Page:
An effort is underway in Congress to eliminate $47 million that goes to programs like North Carolina’s Seniors Health Insurance Information Program. Such an effort fits the old adage of being penny wise and pound foolish.
North Carolina’s SHIIP office gets about $1.4 million a year from the federal government, making up about 65 percent of the program’s budget. The remaining 35 percent comes from state sources.
The SHIIP program saved $60 million for the state’s senior citizens last year alone. These are actual dollars that we can account for, not some number pulled from thin air. The program saved seniors more money in North Carolina alone than the cost of the program nationwide.
We save senior citizens money by sitting down with senior citizens one-on-one, or talking to them individually by phone, and help them decide which prescription coverage plan is right for them, or which supplemental plan will save them the most money.
SHIIP trains 960 volunteers across the state’s 100 counties. Those volunteers, along with our dedicated staff in Raleigh, counseled more than 102,000 Medicare beneficiaries across the state last year. In addition, SHIIP served almost 17,000 Medicare beneficiaries with disabilities. It counseled more than 28,000 people with incomes below 150 percent of the federal poverty level.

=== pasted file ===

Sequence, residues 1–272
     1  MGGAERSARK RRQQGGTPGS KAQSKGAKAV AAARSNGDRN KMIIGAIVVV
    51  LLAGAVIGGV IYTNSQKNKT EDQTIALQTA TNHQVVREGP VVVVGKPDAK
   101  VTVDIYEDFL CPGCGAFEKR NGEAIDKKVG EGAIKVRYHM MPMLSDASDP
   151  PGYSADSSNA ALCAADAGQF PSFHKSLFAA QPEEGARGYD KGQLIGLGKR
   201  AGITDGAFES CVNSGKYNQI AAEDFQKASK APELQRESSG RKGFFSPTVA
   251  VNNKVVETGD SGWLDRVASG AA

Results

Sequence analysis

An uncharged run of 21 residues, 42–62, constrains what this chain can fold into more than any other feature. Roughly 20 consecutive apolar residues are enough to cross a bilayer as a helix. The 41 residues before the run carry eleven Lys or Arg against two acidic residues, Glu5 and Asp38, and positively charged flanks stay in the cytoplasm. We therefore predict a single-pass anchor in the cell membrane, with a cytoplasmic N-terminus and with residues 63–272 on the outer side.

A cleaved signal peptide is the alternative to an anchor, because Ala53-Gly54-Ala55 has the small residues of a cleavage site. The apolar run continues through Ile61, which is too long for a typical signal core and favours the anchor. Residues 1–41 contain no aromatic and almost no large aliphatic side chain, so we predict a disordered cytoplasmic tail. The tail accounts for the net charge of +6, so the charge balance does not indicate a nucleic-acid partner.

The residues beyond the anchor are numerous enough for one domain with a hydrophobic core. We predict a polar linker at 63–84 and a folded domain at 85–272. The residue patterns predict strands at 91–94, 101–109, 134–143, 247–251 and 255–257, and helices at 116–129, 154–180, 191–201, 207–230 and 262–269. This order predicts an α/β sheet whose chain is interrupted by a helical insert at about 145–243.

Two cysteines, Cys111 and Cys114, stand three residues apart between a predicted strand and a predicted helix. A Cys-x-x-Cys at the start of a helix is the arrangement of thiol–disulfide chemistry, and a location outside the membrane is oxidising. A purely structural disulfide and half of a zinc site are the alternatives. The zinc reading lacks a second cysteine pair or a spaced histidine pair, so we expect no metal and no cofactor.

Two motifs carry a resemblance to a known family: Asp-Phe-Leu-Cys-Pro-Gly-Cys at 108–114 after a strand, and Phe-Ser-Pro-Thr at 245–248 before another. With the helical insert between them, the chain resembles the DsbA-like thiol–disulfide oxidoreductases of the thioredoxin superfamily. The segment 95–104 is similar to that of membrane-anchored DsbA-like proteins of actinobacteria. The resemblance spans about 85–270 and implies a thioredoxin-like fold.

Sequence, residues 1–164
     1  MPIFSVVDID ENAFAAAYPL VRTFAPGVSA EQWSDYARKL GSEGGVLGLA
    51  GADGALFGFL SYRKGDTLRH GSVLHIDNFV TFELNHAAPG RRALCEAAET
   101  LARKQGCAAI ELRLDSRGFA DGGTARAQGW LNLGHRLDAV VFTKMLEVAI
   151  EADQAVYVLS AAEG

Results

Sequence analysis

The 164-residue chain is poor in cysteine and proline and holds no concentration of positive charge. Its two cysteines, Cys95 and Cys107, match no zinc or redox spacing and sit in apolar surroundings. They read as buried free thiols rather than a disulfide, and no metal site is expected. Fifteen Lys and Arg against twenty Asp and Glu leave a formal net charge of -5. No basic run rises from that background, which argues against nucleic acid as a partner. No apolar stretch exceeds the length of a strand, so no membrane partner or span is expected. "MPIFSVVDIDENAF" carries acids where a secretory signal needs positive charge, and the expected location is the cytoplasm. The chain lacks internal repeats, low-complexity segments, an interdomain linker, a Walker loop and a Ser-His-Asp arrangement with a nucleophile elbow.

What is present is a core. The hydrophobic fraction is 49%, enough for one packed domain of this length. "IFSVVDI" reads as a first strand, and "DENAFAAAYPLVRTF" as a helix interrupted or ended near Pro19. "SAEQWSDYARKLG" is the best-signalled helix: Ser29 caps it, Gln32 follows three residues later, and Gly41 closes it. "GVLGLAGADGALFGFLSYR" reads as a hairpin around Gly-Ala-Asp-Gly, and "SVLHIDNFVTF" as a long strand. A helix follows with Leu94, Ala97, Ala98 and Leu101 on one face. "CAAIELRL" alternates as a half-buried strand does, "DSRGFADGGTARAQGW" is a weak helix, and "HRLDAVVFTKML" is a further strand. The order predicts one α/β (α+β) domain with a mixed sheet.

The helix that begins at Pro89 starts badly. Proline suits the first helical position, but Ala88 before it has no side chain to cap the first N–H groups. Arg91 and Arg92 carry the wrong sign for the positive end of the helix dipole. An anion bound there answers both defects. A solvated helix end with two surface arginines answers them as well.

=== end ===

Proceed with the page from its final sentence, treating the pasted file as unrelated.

Medicare is confusing. There’s Medicare Part A, Part B, Part C, and Part D. Then there are Medicare supplement plans. There are a lot of companies out there vying for senior citizens’ health care premium dollars. This can leave many seniors on fixed incomes wondering what they should do.
SHIIP provides unbiased information to help clear up this confusion, allowing them to decide for themselves which plan works best for them.
It only makes sense that the federal government, which created this complicated system, would continue to pay for a proven program that helps senior citizens make sense of that same system.
The people in Washington pushing to eliminate SHIIP funding say the program is duplicative. In reality, it isn’t.
Sure, the federal government operates a 1-800-MEDICARE call line which seeks to answer citizens’ questions about the federal health program. However, if consumers’ calls get too detailed or complicated, the federal call center usually refers the consumer back to state SHIIP programs for answers to their questions.
If Congress eliminates SHIIP funding, the calls to the federal call line would likely quadruple. The federal government would most likely have to increase its staff to handle the cost, most likely wiping out any savings associated with ending the program.
I encourage North Carolinians to reach out to their U.S. senators and members of Congress and encourage them to preserve SHIIP funding. SHIIP is a program that pays for itself many times over and shouldn’t be eliminated.
North Carolina’s Commissioner of Insurance